So why even do this? Why work on more than one thing instead of just focusing on your number one thing?
That’s a great question. That’s something that I’ve thought about a lot because of the 24-hour startup that I did last year. I did the first startup in 24 hours because I was just curious to try it. I had an idea. And since that took off, I was like, “All right. I’m going to launch another one two weeks later and just keep trying this thing again.”
Then I launched another one three weeks later. Then I created the 24-Hour Startup Challenge because there was so much hype around the idea of live streaming and products, especially last year. I was like, “I’m just going to try to capitalize on this idea and see what happens.” I think it gets the Maker community, the Product Hunt area of the internet excited and it’s fun.
But I had a bit of a revelation. Not revelation, but after I had done the 24-Hour Startup Challenge, and I had Starter Story, I didn’t have Pigeon yet but I had Starter Story and I had the startup that I launched in 24 hours. Then I had the 24-Hour Startup Challenge, which was turning into another website. Then I had another website, and I had five different websites.
I had already quit my job by that time. I was just realizing that wasn’t really what I want to do. I’m never going to be able to move the needle on anything if I have so many different projects. So I killed all those projects. I sold the 24-hour startup one and then stopped working on the 24-Hour Startup Challenge offshoot, and then sold and killed all the other projects.
Then I was just Starter Story and I was just focusing on that. My mindset changed on the whole launching quickly and the maker movement and all that. I decided that I’m only going to focus on one or two projects.
The reason why I started Pigeon, the new one, is that I wanted to build a tool that was going to help me grow Starter Story and vice versa because they go hand-in-hand, and also help other people launch similar businesses as Starter Story. But it’s still a lot to manage two different projects. I don't know if that answers your question at all.
Yeah, now I get to use everybody’s least-favorite business term, “synergy”. You’ve got these two different products. Pigeon helps you run and grow Starter Story. How does that work, exactly?
So the automation piece is really big. It’s basically automating a lot of the process for doing interviews, cause it’s all inside Gmail. So if someone agrees to do an interview, I can set a deadline.
I can set these automated follow up sequences that will automatically follow up with them with the deadline and just get rid of most of the email work that I have to do for chasing down interview s and publishing content.
It’s like a mini-CRM inside your Gmail so you can keep track of the status of all of your interview or content stages, if it’s in progress, if it’s published, in draft state or whatever. So that’s been cool. And then I’ve been working with a bunch of my customers who are running similar types of websites or blogs and they’re doing very similar things to that.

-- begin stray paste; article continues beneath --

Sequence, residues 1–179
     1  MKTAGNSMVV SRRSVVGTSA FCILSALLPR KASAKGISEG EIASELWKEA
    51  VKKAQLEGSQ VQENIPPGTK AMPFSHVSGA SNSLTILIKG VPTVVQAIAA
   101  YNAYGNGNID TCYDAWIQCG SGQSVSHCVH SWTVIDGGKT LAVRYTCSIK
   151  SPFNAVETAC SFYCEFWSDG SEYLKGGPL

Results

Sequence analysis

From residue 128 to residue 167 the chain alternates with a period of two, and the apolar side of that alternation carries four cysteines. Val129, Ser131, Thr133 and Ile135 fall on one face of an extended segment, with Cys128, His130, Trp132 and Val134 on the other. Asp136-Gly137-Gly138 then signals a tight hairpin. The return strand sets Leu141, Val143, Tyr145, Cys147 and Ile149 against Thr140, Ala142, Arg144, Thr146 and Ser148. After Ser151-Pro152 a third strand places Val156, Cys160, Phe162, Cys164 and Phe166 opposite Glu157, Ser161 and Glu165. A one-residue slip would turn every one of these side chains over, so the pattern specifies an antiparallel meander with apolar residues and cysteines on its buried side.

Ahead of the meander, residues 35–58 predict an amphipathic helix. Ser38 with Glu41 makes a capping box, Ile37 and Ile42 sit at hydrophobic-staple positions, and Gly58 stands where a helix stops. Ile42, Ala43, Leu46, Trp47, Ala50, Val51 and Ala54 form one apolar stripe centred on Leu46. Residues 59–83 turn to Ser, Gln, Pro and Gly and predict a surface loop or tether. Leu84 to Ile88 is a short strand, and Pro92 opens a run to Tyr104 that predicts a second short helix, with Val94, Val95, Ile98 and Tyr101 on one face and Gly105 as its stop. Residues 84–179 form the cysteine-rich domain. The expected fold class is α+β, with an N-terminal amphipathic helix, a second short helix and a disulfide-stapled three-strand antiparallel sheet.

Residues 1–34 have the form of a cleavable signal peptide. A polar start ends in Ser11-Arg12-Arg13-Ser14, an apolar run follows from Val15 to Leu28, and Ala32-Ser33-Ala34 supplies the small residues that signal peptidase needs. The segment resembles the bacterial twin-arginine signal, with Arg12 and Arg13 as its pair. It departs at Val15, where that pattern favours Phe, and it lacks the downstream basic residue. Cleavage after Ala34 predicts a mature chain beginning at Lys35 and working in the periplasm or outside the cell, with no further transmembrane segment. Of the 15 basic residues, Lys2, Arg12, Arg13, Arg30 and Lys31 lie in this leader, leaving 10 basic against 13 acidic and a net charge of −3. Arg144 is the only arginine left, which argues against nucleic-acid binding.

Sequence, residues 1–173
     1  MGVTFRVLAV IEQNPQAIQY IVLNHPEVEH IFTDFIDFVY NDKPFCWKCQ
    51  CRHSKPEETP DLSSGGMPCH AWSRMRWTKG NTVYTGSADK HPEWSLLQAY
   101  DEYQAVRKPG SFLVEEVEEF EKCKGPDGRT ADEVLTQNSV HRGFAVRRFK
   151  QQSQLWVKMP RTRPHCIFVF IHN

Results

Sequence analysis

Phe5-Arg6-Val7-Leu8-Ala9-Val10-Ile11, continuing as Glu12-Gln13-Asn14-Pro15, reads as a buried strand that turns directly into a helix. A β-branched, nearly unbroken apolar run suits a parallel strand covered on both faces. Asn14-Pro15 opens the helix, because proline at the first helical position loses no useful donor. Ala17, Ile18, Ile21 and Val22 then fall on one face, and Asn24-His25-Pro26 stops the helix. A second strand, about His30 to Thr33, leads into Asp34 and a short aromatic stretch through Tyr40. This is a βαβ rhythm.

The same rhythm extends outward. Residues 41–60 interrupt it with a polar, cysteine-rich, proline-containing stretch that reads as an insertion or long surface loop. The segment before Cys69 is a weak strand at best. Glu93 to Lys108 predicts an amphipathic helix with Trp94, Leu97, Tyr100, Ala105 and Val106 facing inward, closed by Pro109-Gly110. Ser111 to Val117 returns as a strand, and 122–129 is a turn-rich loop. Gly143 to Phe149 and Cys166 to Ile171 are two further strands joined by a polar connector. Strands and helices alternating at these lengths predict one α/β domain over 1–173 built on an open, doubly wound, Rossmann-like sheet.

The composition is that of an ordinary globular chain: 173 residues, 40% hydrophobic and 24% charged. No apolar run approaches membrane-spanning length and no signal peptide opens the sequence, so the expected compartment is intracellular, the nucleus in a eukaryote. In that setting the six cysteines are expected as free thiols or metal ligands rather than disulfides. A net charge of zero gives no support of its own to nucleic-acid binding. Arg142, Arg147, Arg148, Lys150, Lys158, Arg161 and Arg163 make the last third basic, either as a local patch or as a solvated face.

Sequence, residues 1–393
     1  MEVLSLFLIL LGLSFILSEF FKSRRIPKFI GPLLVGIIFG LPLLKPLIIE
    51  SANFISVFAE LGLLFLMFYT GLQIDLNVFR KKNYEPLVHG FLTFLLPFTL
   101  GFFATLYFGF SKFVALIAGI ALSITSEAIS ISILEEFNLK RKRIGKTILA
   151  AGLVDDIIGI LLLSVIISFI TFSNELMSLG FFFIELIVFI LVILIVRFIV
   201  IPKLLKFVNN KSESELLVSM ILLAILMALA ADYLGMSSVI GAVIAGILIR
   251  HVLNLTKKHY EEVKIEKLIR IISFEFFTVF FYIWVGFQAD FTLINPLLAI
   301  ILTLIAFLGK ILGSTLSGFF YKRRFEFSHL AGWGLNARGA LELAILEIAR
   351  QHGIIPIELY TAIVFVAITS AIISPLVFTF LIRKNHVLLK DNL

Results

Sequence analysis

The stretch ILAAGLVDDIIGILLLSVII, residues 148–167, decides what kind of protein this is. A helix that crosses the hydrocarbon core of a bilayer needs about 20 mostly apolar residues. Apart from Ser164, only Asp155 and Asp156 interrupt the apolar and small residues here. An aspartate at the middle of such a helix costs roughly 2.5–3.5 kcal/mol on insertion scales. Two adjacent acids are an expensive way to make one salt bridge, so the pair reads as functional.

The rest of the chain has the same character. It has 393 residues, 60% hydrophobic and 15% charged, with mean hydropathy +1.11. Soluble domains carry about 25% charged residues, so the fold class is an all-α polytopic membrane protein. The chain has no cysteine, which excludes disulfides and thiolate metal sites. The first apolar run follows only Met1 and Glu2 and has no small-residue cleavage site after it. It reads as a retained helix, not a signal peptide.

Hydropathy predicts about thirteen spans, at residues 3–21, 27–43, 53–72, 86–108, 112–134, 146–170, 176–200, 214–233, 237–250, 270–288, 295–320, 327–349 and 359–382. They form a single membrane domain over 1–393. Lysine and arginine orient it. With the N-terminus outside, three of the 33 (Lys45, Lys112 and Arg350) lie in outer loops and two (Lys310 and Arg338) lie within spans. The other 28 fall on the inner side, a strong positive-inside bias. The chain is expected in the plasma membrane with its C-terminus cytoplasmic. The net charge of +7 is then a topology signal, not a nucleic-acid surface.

Yes, I’m looking at your website right now, trypigeon.co. And it says, “Gmail meets spreadsheet. Pigeon is a powerful CRM and automation suite for Gmail.” You’ve got your spreadsheet in there.
Living inside Gmail, you just track the people that you’re working with and move them along this pipeline. It’s funny cause I do something similar for Indie Hackers. I’ve got my own process.
What do you use?
I just have my own internal process. We use Airtable. We’ve use Google spreadsheets in the past. I’ve got some stuff set up on Zapier2, just to sort of automate the process and not have to build a lot of it out myself, cause that would take forever.
But this whole topic reminds me of another topic that comes up on the podcast pretty often, which is that, just in the course of running your business, you’re going to encounter all these different problems. Some of them will have solutions but a lot of them won’t.
You’ll look for a tool out there and it doesn’t exist. And if there was, you would pay for it, but there just isn’t anything so you’ve got to hack it together yourself. Or if you’re a developer you’re going to feel tempted to just build it yourself. That’s probably a mistake but in your case it’s kind of cool because you’ve built Pigeon to help you run Starter Story.
Then you didn’t just keep it to yourself, you actually released it as its own stand-alone product. And now Pigeon is out there making money. I’ve had a similar temptation with Indie Hackers. In fact, someone emailed me last week and was like, “Hey, I will pay you a lot of money to build the Indie Hackers community forum software for my website.”
I just had to be like, “No. I honestly don’t have time to do that. It’s impossible.” So I think it’s a pretty common thing for a lot of founders to deal with.
I think that you have to kill that temptation. I just saw an Indie Hackers forum post about someone asking, “How do I stop from seizing that temptation all the time?”
I think that a good way to do it is to just fall into the temptation and fail through that process, like what happened to me last year of launching too many different things, and then experiencing how hard it is to grow anything unless you have that laser focus on it. I’m sure you’ve run into that before.